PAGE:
Building facilities worth 53 billion – E24

Building facilities worth 53 billion – E24

The move will reduce Sweden's carbon dioxide emissions by seven percent, according to SSAB.

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The company states that in a message Tuesday.

The investment amounts to 4.5 billion euros (52.9 billion Norwegian kroner), according to SSAB estimates.

The new steel plant will replace a previous plant where iron ore was converted into steel. The company has long had plans for a new, more sustainable facility, where blast furnaces and coal would be replaced Arc furnaceArc furnaceElectric melting furnace And electricity.

SSAB claims the move will reduce Sweden's carbon dioxide emissions by seven percent.

By investing in a new plant, SSAB does not have to modernize the existing plant in Luleå. The company says this will cost about two billion euros over the next ten years.

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It requires huge amounts of energy

The SSAB did not say in its notification how much electricity the new plant in Luleå would need. But it has been known since the past that producing fossil-free iron and steel would require a lot of energy.

SSAB is collaborating with iron producer LKAB and energy producer Vattenfall on fossil fuel-free solutions. SSAB's investment in Luleå provides greater security for LKAB's additional investments, LKAB wrote in an article. message Tuesday.

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LKAB expects to use five terawatt-hours of electricity annually at the Hybrit pilot plant, which will develop fossil fuel-free production of sponge iron at Galivar. The electricity mainly goes to producing green hydrogen. This plant also receives billions in subsidies from the Swedish authorities.

According to LKAB, intensifying production at Galivar will enable the generation of 20 terawatt-hours of electricity in 2030, or about 12 percent of electrical energy. Energy production today In Sweden. Energy requirements can increase to all 50 TWh in 2040 and 70 TWh in 2050, LKAB previously reported.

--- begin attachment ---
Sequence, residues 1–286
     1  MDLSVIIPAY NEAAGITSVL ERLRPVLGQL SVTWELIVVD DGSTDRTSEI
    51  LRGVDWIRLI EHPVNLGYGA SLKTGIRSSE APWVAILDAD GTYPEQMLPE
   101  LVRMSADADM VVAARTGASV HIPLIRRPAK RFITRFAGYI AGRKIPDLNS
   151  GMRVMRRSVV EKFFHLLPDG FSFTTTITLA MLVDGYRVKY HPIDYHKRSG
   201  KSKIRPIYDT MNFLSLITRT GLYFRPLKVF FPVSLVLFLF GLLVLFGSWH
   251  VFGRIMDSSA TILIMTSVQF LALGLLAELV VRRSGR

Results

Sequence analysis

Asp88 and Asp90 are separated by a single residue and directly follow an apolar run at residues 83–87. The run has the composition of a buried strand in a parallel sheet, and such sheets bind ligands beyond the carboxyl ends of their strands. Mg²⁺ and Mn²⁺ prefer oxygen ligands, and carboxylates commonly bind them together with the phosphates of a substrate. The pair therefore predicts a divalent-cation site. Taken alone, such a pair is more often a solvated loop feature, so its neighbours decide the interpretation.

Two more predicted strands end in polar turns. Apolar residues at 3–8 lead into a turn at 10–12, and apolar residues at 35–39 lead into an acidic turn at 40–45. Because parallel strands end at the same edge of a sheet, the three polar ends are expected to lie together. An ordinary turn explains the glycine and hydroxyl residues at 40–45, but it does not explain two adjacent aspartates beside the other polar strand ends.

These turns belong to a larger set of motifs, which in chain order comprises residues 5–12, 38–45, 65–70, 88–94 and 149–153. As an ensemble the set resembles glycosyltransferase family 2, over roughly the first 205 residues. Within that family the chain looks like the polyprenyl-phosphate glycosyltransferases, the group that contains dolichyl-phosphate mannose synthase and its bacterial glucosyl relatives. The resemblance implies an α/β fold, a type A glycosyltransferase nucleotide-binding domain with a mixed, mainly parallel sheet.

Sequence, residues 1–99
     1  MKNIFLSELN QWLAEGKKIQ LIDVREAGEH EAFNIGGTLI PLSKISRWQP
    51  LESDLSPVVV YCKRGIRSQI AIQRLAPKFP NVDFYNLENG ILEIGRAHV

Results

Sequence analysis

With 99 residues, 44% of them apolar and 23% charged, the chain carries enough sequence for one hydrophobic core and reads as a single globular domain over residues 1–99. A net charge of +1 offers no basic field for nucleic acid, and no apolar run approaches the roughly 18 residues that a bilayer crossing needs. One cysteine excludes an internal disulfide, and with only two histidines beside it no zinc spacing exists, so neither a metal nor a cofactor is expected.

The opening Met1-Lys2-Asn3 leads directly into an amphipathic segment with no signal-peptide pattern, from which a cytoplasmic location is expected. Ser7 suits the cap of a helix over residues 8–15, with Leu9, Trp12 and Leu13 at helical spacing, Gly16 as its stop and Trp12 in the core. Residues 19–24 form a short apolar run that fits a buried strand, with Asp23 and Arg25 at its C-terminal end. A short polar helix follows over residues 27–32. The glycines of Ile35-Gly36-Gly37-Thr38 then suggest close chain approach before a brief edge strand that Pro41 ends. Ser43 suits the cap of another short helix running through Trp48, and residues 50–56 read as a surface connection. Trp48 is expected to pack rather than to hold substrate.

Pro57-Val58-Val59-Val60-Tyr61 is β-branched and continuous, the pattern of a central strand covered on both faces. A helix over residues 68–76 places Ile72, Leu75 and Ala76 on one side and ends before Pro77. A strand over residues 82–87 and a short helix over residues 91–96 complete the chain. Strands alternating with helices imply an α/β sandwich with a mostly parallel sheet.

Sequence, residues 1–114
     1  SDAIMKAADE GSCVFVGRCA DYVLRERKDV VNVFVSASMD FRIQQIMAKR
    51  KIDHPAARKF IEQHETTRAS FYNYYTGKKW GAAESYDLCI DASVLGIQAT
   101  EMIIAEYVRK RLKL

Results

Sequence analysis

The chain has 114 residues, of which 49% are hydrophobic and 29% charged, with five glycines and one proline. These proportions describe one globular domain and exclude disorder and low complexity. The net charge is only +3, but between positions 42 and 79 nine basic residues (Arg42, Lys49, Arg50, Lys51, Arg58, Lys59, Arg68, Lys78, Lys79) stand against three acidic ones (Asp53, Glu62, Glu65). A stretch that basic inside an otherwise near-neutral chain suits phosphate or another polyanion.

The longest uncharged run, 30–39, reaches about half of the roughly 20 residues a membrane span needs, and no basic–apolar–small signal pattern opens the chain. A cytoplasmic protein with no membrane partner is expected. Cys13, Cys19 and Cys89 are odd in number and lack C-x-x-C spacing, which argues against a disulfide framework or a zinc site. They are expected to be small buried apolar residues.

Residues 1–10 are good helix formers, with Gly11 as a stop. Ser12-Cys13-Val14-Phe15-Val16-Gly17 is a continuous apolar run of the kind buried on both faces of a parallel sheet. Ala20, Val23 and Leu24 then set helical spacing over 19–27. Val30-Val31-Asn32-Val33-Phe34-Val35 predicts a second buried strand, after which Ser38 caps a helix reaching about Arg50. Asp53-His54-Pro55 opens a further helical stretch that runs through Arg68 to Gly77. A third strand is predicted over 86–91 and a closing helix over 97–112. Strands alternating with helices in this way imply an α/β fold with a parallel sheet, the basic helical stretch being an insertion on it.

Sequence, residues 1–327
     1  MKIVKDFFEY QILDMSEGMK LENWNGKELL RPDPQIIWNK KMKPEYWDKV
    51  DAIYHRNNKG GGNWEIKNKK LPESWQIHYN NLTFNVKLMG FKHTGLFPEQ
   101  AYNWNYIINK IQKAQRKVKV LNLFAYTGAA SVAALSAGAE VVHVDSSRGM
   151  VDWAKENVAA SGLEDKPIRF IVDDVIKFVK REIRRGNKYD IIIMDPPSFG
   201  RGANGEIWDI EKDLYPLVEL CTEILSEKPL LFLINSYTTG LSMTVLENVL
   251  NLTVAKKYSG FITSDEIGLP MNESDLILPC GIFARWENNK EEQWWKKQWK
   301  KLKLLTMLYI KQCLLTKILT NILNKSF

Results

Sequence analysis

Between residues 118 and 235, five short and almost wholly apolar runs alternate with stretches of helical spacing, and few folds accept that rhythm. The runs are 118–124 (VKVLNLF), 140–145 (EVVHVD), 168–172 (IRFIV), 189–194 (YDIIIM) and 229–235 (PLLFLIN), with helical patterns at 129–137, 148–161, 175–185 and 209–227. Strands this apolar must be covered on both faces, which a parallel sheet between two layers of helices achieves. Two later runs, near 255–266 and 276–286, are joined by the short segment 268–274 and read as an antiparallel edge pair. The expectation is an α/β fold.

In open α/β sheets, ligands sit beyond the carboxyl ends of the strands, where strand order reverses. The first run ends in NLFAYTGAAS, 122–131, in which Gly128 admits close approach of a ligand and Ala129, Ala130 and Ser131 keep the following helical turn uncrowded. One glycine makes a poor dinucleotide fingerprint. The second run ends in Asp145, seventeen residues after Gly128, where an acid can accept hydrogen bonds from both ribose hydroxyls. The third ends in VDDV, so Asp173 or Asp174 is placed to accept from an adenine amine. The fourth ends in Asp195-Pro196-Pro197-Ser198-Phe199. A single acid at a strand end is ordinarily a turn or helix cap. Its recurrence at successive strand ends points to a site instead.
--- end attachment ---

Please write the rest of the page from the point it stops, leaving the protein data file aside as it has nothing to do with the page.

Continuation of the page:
– The investment decision of our Hybrit project partner and largest customer SSAB is a strong signal of our planned transition to fossil-free spongy iron at Gallifari, says CEO Jan Moström from LKAB.

The Swedish government has put forward a plan to be able to meet the enormous need for fossil fuel-free electricity. They expect to almost double Swedish energy production to 300 TWh by 2045, with significant investment in nuclear, wind and solar power.

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– An important step

The new fossil-free SSAB plant in Luleå will deliver 2.5 million tons of steel per year and will contain two electric arc furnaces, mining and advanced equipment to be able to produce different types of special products and further improve steel.

The iron to be used in Luleå will be mainly recycled, and fossil-free sponge iron from Hybrit's pilot plant in Gállívar will also be used.

– The Luleå conversion is an important step in our journey to produce fossil fuel-free steel. We want to eliminate seven percent of Sweden's carbon dioxide emissions, strengthen our competitive position and secure jobs in the most cost-effective and sustainable way. StripsStripsA form of steel production– Production in Europe, says SSAB CEO Martin Lindqvist.

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SSAB believes the investment will provide significant value. It is estimated that total annual operating profits (EBITDA) will improve by more than five billion Swedish krona annually. The company notes that the new plant will have, among other things, lower fixed costs and higher efficiency, in addition to higher production.

Starting in 2028

According to the plan, the new SSAB plant in Luleå is scheduled to start operating in 2028 and reach full capacity in 2029.

The company previously made the decision to convert its factory in Oxelsund to fossil fuel-free production. After Luleå, a factory is also planned to be built in Raahe (Prahstad) in Finland.

– Together with our partner LKAB, we are committed to eliminating CO2 emissions from our value chain, says Lindqvist.

“At the same time, we are ensuring the industrial competitiveness of the Nordic countries for decades to come, supporting thousands of customers who rely on high-quality steel from our value chain,” he says.

Dalila Awolowo

Dalila Awolowo

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